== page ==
One should not pretend this relationship was based on altruism. Unlike Iraq, which previously got its weapons from Soviet bloc exporters, much of the oil money in Saudi Arabia is recycled to American defense contractors (Halperin, 2011, p. 210). Comparisons by Zalloum (2007, pp. 21-22) illustrate the effects of a century of exploitation:

"The combined revenue of all OPEC countries from oil in 2003 was about $240 billion, less than the revenue of Wal-Mart for the same year. The total assets of the 480 Arab financial institutions and banks of all the Arab countries, including the oil-producing states, in 2004 amounted to $780 billion, less than two-thirds of the assets of just one American bank, Citigroup. Most of the petrodollars were recycled back to Western banks and American Treasury bills."

In a broader cost-benefit formulation of finances before the Iraq War, “maintaining access to Persian Gulf oil requires about $50 billion of the annual US defense budget, including maintenance of one or more carrier task forces there, protecting sea lanes, and keeping large air forces in readiness in the area. But the oil we import from the Persian Gulf costs only a fifth that amount, about $11 billion per annum” (Johnson, 2000, p. 87). The World Bank gave more than $5 billion in subsidies to the global oil industry since 1992 (Juhasz, 2008, p. 392). Such oil imperialism is the modus operandi for the ‘agreements’ foisted on Iraq by force (see “Contracts at Gunpoint”).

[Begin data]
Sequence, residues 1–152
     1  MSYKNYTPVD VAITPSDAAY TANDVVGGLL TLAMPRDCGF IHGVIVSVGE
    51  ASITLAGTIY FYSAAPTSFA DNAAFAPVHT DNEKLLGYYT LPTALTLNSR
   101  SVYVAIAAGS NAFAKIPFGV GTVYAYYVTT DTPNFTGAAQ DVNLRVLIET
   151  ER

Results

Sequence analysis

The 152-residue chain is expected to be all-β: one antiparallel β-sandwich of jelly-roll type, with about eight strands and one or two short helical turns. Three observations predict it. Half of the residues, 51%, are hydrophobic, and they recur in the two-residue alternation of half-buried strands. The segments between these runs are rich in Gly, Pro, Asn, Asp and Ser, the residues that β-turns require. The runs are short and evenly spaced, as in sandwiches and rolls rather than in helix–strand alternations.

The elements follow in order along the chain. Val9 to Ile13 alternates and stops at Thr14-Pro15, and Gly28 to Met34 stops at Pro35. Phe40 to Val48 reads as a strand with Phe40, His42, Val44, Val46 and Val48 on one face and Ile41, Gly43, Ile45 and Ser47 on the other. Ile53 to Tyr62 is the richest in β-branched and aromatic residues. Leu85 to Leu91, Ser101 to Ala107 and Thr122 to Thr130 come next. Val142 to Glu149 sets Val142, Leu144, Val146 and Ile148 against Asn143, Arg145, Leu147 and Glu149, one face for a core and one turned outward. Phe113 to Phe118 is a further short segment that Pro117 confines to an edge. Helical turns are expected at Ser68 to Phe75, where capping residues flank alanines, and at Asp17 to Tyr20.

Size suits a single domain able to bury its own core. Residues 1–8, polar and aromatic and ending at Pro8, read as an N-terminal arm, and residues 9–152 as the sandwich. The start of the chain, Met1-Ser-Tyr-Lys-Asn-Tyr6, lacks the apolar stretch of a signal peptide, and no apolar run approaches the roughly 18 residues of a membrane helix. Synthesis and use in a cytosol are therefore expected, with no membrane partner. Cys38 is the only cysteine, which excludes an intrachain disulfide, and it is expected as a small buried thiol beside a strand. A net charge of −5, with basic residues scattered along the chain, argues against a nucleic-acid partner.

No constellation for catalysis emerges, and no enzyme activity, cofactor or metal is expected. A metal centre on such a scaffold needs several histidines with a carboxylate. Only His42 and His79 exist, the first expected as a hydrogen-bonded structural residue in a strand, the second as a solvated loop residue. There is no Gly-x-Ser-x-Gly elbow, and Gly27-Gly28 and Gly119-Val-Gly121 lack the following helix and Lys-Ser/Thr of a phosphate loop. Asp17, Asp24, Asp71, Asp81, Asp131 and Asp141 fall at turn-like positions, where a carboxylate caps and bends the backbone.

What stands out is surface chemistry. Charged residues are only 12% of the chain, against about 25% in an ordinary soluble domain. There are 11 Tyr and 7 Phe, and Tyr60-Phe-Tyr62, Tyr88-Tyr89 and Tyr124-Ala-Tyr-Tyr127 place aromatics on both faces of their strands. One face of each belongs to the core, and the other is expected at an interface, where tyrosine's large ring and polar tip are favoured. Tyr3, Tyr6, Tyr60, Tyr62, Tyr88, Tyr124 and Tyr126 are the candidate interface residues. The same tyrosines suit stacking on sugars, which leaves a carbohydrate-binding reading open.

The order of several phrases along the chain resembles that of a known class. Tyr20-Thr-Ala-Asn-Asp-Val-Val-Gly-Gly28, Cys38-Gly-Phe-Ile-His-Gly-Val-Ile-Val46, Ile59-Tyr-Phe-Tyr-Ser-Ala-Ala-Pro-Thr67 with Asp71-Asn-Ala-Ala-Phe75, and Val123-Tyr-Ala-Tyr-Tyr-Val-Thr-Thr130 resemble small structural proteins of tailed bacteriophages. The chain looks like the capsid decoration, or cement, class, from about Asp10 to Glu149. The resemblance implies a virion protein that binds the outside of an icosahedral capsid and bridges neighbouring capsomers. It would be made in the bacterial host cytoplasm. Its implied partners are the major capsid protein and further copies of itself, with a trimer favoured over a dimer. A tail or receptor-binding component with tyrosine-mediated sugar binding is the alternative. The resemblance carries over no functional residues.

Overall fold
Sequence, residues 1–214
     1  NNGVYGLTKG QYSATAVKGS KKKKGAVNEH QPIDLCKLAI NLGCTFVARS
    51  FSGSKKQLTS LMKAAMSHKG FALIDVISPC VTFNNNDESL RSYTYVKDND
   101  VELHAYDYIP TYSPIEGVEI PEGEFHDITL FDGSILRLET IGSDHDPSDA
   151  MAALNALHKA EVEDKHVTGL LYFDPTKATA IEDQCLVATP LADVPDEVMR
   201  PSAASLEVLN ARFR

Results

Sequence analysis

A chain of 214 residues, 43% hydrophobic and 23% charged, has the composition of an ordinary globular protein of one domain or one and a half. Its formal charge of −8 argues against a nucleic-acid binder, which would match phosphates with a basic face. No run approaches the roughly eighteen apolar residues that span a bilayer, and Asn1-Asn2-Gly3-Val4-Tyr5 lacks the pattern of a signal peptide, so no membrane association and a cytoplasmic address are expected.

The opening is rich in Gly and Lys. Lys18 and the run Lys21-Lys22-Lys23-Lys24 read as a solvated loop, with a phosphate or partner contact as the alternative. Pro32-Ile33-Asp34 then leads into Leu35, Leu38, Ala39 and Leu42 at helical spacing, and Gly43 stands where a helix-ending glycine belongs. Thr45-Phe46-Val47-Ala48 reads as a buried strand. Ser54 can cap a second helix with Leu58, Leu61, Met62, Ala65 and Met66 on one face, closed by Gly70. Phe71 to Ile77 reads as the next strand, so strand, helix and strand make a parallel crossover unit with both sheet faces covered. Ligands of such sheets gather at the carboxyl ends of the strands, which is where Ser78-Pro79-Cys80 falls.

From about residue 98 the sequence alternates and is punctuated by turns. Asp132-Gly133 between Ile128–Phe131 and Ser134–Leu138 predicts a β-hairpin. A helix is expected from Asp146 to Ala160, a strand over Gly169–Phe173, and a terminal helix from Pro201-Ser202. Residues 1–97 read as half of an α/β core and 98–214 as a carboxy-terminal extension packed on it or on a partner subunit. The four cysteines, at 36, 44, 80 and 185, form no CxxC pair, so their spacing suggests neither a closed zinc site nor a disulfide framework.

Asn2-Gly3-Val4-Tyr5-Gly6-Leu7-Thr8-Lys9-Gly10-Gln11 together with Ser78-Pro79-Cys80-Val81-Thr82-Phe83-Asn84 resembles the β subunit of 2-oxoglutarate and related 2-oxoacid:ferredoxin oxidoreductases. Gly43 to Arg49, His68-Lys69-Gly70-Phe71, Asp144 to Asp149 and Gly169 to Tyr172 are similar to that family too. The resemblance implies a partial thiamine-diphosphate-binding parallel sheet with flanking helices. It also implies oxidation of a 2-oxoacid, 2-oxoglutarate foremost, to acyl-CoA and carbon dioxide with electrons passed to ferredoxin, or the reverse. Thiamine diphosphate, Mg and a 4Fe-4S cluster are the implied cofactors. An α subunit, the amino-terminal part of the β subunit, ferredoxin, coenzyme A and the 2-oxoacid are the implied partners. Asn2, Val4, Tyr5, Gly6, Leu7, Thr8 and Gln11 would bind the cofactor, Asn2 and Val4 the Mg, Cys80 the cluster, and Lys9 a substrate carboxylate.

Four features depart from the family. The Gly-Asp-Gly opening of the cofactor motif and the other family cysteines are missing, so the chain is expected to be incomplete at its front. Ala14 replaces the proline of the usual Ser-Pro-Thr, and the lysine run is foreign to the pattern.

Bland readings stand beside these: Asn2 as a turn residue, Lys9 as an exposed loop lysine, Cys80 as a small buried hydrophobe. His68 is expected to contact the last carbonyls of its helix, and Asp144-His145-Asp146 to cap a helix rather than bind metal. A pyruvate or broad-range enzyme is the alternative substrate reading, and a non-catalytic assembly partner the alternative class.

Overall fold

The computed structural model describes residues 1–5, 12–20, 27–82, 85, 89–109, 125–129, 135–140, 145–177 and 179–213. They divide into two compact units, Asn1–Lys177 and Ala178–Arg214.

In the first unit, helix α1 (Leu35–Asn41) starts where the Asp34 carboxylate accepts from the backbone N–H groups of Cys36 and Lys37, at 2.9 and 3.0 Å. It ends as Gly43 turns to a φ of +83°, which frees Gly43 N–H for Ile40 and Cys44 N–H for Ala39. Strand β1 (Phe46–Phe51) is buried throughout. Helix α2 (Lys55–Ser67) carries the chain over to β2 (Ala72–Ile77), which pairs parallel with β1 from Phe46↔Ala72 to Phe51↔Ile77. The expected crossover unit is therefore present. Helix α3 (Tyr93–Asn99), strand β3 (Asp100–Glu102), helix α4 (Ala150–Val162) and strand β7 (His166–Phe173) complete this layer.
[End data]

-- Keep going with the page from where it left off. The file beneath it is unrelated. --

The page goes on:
Baker, Raymond, Shereen Ismael and Tareq Ismael (ed.). 2010. Cultural Cleansing in Iraq: Why Museums Were Looted, Libraries Burned and Academics Murdered. Pluto Press.

Chomsky, Noam. 1996. World Orders Old and New. Columbia University Press.

Halperin, Sandra. 2011. “The Political Economy of Anglo-American War: The Case of Iraq.” International Politics 48(2/3), pp. 207-228.

Johnson, Chalmers. 2000. Blowback: The Costs and Consequences of American Empire. Metropolitan Books.

Juhasz, Antonia. 2008. The Tyranny of Oil: The World’s Most Powerful Industry – and What We Must Do to Stop It. Harper.

Klare, Michael. 2004. Blood and Oil: The Dangers and Consequences of America’s Growing Dependency on Imported Petroleum. Holt Books.

Mercille, Julien. 2010. “The Radical Geopolitics of US Foreign Policy: The 2003 Iraq War.” GeoJournal 75, pp. 327-337.

Yergin, Daniel. 2011. The Quest: Energy, Security, and the Remaking of the Modern World. Penguin Press.

Zalloum, Abdulhay Yahya. 2007. Oil Crusades: American through Arab Eyes. Pluto Press.